Apple introduces us to the Possible Next Generation of Touch ID for iDevices and Far Beyond
Samsung will introduce the Galaxy S8 at a Special New York Event on March 29 and Ship in April

Apple's Next-Gen iPhone will Introduce Real Innovations despite the Snarky Commentary from the Mainstream Press

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When Apple launches its much-anticipated 10th anniversary iPhone this fall, it's expected to include new features such as high-resolution displays, wireless charging and 3-D sensors. Rather than representing major breakthroughs, however, most of the innovations have been available in competing phones for several years. Apple's competition has shown that they could innovate faster than they can at times, a sign that the smartphone industry is maturing.


A new Reuters report today claims that "Apple's relatively slow adoption of new features both reflects and reinforces the fact smartphone customers are holding onto their phones longer. Timothy Arcuri, an analyst at Cowen & Co, believes upwards of 40 percent of iPhones on the market are more than two years old, a historical high.


That is a big reason why investors have driven Apple shares to an all-time high. There is pent-up demand for a new iPhone, even if it does not offer breakthrough technologies.


It is not clear whether Apple deliberately held off on packing some of the new features into the current iPhone 7, which has been criticized for a lack of differentiation from its predecessor.


Still, the development and roll-out of the anniversary iPhone suggest Apple's product strategy is driven less by technological innovation than by consumer upgrade cycles and Apple's own business and marketing needs.


'"When a market gets saturated, the growth is all about refresh,' said Bob O'Donnell of Technalysis Research."This is exactly what happened to PCs. It's exactly what happened to tablets. It's starting to happen to smartphones.'"


Despite Apple's new line-up of features such as a high-end OLED display, wireless charging and 3D sensors, don't expect to see a radical new iPhone design as once thought, according to analysts.


Reuters also noted that "Some analysts also speculate the company could remove the phone's home button, placing it and a fingerprint sensor beneath the front display glass, based on patents the company has filed."


In fact a new Apple patent on this surfaced today. Of course Apple introduced Touch ID beneath the OLED display of the new MacBook Touch Bar, so it's already a proven methodology we could expect to see this fall expand to the OLED based iPhone.



In the big picture, the mainstream press has missed the boat again on what innovation really is at times. Apple will likely introduce the next generation of 3D Touch and that's way ahead of their completion. Touch ID beneath the display will be an original innovation even if their competitors are now scrambling to beat Apple to market.


Apple may appear to be slower, but they have been proven countless times to have patents for new technologies that date back some 5 to 10 years while their competitors scoop up these ideas and run with them half-cocked.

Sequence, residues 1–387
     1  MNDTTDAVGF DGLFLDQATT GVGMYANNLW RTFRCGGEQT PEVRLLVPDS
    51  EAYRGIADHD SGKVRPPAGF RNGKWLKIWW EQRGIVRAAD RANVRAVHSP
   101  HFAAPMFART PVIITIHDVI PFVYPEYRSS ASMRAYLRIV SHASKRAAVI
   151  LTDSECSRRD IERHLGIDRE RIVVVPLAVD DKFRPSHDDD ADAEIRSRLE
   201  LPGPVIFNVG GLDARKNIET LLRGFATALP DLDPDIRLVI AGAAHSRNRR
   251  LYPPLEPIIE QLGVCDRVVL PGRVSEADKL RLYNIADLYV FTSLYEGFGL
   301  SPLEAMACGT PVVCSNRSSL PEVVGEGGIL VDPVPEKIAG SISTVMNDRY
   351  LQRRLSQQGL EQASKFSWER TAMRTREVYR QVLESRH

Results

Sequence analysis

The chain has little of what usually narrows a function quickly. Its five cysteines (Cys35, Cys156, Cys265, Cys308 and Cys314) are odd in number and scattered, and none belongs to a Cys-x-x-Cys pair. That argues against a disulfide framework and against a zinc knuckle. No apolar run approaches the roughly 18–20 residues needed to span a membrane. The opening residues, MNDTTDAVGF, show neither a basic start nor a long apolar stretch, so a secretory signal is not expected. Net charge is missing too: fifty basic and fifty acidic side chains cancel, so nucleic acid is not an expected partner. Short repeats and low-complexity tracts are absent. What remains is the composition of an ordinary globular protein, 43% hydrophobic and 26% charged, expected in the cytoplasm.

The Microsoft Surface Book was an idea of Apple's since 2011, years before Microsoft delivered one. Apple had been working on an advanced smartpen (Apple Pencil) since at least 2008. Apple worked long and hard to deliver a pen that had little to no latency, a problem that most if not all other competing smartpens have.


So the impression from Reuters that Apple is somehow copying ideas that others have introduced first to market is a bit of a hack. It's not always the case at all. Apple works on inventions for a lengthy period of time and works on many angles and accompanying software that competitors don't bother doing at all.


When Apple introduced Apple Pay, Google had a digital wallet out for years that most of the world simply ignored and didn't trust. Apple Pay on the other hand was a hit with Apple fans on day one and Apple has led the way on digital wallets ever since.


Apple Pay is such a hit and threat that the Financial Tech industry in Australia and South Korea are fighting Apple tooth and nail because Apple Pay is killing their business. They fell asleep in the market and couldn't make their respective digital wallets a reality and they're now trying to get their respective governments to force Apple to open up Apple Pay's API's.


So in context, most competitors come out with some innovations ahead of Apple, but it doesn't ever mean that Apple is copying them. They're always working on leading edge technologies and only release them when they're ready. That's a huge difference the mainstream press and lazy Wall Street analysts always overlook because it actually takes a little research to find that out. Most are too busy trying to manipulate the market towards their chosen stocks for gain; it's a joke.


So when Apple launches their anniversary iPhone this fall, real Apple fans will know that they're incorporating original technology and innovations that they've been working on for years while the mainstream press will lazily report that Apple is just copying Android competitors. It's an old story that never goes away.


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